I found out some facts during the show such as:
Facebook recognises 71 genders [Whaaaaat? I thought we had a lot of letters in our acronym, but I’m not sure what we’d do with 71 letters! That would make for a very intense letterhead]
Bergdorf pointed out that the life expectancy for a transwoman is 35 years old. [though she didn’t say it, I assumed (and then checked and found my assumptions to be correct) that this is an international statistic. I couldn’t find one for the UK; I assume it would be slightly better, but without evidence, I can’t really make any claims.]
According to Stonewall; half of trans people in the UK have attempted suicide.
Over the last 7 years, the number of children identfying as ‘trans’ in one form or another, has increased by over two thousand percent.
And the number of children who were assigned female at birth and who wanted to transition to male rose by three and a half thousand percent. Blimey!
And all this within the first five minutes of the show.
As they went round the table, my first impressions were that Caitlyn Jenner seemed out of her depth. She said a lot, without actually saying anything. It was all very soft and placating and, probably due to her star status, she didn’t get talked over during her (sometimes rambling) speeches. She did get stronger as the show progressed, though, bringing up points such as what her children now call her (which is, incidentally, ‘dad’, but they also use ‘she’ as well. I found that to be very heart-warming).
Greer …. Germaine Greer. Writer; intellectual, major voice in the feminist movement since the 1970’s, and author of the universally acclaimed and much-quoted The Female Eunuch (1970). She brought up a point that I, personally, find interesting. She “resented” the phase “cis-gendered woman”, and though she didn’t really go into detail as to why she felt that way, I would chime in here and say I … kinda agree with her. Nowadays, a lot of our community use ‘cis-gendered’ as a term equating with ‘oppressor’, like not being on the many lettered LGBTQ+etc. spectrum makes you like the ‘Patriarchy’ of today’s society.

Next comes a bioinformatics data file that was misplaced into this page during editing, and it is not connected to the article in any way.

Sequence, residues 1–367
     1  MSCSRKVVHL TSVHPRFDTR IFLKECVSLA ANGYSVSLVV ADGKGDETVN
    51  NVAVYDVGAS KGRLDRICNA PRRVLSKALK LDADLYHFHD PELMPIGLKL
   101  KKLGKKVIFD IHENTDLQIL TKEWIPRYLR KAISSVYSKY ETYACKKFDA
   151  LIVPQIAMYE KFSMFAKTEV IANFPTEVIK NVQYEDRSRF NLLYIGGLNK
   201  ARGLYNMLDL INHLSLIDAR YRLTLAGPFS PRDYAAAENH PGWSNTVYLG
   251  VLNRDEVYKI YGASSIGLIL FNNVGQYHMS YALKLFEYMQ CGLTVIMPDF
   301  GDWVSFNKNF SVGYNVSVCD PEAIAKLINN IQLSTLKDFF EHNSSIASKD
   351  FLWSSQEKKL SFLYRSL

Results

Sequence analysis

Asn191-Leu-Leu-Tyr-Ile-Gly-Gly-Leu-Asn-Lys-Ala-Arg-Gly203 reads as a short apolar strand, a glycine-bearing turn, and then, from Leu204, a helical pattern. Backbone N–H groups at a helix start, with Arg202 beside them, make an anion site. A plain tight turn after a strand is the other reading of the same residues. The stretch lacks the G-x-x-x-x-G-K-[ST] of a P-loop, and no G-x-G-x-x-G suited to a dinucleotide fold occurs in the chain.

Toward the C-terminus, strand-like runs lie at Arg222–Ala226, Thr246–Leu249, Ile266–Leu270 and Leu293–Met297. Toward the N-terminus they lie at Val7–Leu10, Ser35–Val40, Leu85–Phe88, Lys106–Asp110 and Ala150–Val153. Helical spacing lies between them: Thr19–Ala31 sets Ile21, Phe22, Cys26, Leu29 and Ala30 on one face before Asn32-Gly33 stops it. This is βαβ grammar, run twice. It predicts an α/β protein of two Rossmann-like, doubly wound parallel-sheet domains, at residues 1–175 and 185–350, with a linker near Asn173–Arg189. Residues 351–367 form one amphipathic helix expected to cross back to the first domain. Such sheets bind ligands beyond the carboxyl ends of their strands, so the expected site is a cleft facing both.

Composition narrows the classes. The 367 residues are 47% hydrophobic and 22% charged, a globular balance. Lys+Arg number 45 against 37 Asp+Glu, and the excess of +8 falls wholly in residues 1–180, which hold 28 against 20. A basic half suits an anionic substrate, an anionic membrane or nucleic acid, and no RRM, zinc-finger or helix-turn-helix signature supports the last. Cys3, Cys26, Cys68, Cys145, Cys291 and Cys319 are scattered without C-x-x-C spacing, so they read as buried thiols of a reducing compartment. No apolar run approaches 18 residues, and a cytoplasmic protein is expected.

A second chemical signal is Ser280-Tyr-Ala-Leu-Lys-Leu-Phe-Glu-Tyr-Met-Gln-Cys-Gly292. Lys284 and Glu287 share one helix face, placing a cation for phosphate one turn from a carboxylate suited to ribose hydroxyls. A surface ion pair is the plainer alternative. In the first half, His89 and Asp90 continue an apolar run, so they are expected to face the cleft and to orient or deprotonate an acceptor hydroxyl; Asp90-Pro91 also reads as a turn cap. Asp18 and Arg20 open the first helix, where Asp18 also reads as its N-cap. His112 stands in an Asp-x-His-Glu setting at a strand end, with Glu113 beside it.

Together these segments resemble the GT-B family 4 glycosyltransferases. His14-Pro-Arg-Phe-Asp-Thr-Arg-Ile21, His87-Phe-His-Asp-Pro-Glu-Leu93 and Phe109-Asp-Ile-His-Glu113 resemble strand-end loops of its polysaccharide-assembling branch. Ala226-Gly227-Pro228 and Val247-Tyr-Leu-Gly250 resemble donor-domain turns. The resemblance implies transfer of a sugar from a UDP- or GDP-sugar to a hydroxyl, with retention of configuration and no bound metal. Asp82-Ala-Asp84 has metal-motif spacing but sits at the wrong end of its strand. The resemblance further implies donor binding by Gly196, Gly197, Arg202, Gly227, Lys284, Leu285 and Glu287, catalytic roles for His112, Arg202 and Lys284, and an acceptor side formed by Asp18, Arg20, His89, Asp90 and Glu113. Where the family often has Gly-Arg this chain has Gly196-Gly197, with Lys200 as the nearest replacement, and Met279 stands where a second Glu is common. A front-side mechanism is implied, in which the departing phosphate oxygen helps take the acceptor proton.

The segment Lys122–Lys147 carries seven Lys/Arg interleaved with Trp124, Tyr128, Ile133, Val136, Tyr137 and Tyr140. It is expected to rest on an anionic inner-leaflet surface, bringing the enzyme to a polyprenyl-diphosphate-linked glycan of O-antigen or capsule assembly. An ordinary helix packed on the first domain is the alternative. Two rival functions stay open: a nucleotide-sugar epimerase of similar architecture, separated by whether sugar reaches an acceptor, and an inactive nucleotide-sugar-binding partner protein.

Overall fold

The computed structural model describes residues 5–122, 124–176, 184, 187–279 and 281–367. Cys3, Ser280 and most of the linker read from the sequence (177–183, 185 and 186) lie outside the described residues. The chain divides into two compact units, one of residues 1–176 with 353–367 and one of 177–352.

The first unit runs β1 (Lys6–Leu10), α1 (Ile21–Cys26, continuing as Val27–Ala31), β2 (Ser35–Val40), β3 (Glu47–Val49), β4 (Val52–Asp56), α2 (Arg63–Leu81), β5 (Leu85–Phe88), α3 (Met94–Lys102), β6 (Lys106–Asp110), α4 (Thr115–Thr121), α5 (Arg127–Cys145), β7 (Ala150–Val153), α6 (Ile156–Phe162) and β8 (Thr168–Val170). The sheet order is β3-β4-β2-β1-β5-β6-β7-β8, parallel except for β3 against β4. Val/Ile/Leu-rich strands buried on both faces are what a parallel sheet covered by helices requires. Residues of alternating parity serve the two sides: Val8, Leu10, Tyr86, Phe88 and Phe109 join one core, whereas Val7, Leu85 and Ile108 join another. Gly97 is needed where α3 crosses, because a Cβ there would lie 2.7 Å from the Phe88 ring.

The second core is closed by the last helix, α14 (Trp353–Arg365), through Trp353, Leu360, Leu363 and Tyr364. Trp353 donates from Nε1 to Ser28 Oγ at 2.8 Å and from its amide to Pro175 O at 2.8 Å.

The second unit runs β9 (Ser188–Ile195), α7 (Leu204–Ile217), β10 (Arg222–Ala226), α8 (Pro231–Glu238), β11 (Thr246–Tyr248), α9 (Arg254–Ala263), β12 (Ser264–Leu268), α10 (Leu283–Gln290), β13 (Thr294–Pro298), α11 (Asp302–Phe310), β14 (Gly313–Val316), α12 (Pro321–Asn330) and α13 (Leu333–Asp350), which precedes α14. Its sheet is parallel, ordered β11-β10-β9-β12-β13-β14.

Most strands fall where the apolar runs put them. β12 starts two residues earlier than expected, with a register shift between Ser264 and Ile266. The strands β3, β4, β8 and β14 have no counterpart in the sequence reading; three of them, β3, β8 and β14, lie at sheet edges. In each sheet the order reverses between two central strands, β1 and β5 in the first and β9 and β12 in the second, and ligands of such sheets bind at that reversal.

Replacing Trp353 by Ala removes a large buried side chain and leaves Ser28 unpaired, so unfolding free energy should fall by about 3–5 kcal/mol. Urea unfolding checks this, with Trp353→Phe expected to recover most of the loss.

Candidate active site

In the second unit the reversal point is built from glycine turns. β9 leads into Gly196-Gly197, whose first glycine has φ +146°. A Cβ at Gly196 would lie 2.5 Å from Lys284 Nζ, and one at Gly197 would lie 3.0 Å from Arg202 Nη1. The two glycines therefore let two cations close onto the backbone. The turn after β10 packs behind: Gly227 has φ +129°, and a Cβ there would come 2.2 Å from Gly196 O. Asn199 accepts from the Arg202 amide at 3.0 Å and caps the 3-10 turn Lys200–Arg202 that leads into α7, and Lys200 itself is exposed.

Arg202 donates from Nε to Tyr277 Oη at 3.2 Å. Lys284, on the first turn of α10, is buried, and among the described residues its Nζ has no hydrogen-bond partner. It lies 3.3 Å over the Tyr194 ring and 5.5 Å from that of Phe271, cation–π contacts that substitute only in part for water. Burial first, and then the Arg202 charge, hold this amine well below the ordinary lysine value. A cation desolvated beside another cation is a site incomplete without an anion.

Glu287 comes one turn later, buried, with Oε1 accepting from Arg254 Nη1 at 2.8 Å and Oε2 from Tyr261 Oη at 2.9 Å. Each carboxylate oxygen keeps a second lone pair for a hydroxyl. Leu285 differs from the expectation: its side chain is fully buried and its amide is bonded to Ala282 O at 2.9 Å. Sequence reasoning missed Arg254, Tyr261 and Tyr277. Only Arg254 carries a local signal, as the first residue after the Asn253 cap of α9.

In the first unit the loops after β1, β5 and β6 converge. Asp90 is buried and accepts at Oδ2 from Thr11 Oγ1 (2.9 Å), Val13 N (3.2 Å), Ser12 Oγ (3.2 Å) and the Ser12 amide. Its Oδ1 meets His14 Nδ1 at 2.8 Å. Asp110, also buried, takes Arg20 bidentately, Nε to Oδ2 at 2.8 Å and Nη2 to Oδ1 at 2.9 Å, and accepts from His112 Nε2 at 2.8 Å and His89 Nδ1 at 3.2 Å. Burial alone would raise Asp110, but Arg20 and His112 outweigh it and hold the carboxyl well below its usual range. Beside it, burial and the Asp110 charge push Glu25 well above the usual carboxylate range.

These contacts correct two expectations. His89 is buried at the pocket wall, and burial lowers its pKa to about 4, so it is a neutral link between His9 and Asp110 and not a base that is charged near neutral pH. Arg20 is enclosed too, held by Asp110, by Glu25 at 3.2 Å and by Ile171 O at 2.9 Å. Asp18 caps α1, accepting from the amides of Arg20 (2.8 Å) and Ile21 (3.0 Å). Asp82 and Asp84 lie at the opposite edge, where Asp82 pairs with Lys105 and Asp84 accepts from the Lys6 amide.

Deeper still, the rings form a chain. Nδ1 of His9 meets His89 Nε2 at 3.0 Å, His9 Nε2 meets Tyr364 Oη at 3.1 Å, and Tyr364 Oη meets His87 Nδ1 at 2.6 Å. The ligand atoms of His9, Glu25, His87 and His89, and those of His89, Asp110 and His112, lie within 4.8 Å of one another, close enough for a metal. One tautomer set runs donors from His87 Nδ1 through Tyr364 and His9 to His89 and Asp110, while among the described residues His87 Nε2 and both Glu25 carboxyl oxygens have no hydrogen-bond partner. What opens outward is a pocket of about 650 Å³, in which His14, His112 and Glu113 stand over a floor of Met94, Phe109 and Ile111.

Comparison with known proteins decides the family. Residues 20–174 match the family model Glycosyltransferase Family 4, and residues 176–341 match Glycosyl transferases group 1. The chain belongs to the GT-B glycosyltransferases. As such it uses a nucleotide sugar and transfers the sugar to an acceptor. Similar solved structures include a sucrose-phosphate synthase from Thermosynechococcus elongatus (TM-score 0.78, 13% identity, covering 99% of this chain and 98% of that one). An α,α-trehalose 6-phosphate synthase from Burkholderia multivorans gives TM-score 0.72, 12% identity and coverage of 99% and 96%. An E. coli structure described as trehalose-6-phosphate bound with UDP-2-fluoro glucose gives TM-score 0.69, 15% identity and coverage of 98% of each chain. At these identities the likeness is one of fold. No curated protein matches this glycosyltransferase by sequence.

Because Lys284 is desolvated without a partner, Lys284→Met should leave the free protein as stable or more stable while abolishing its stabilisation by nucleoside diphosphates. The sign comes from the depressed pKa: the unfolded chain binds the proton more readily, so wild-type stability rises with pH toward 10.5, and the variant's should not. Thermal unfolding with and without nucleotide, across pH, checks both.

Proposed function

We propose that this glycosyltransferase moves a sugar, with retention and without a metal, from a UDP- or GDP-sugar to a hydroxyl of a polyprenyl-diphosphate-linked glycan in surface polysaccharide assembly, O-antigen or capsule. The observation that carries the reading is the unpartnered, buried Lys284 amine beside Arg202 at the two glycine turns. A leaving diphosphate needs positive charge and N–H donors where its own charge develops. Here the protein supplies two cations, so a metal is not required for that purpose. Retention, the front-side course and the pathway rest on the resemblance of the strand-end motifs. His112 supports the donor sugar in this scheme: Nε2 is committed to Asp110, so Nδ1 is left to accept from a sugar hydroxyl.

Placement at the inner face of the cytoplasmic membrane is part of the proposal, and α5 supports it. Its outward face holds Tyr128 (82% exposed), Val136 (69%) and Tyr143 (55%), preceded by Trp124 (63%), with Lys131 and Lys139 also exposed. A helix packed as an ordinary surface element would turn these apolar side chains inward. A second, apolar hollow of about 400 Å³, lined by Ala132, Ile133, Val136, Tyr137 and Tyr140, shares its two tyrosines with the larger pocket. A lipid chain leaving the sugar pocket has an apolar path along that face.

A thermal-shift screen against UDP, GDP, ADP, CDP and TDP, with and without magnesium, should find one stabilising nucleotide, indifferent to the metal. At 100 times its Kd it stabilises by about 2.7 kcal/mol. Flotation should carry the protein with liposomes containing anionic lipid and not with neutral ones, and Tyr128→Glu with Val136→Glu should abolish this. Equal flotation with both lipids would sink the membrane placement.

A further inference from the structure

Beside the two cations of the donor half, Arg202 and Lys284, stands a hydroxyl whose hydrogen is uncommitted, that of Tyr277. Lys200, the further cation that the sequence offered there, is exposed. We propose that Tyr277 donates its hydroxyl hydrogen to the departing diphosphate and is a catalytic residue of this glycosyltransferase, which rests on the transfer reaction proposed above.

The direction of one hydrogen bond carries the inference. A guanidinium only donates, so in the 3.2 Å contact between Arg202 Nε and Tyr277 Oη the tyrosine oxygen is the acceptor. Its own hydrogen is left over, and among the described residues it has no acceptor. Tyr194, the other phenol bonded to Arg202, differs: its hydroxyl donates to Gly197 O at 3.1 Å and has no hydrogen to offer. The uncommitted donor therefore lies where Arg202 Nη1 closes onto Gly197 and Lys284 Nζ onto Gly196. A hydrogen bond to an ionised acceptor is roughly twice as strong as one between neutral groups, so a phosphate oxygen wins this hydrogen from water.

But to each their own. I call myself ‘queer’, not ‘gay’, which some people disagree with, saying it makes it ‘okay for straight people to call us it’, but I disagree. Just as black people reclaimed the N-word, so too I believe we should take the word ‘queer’ and make it out own. But that’s for a different conversation.
The show … well Sarah Ditum brings up a case of a man, who identified as a woman, was convicted of sexually aggravated burglary (she would break into women’s homes, put on their underwear, and take pictures), who I think went on to do something bad when she was transferred into a women's prison. The reason I don’t know the full story is that Bergdorf and Sarkar put her down hard, and rightly so, in my opinion (remember; this is just my opinion … little, inconsequential ‘me’). This was the same tactic gay men had to face when fighting for their rights. We were consistently compared to and lumped in with paedophiles. Ditum was trying to do the same with trans-people and sexual predators.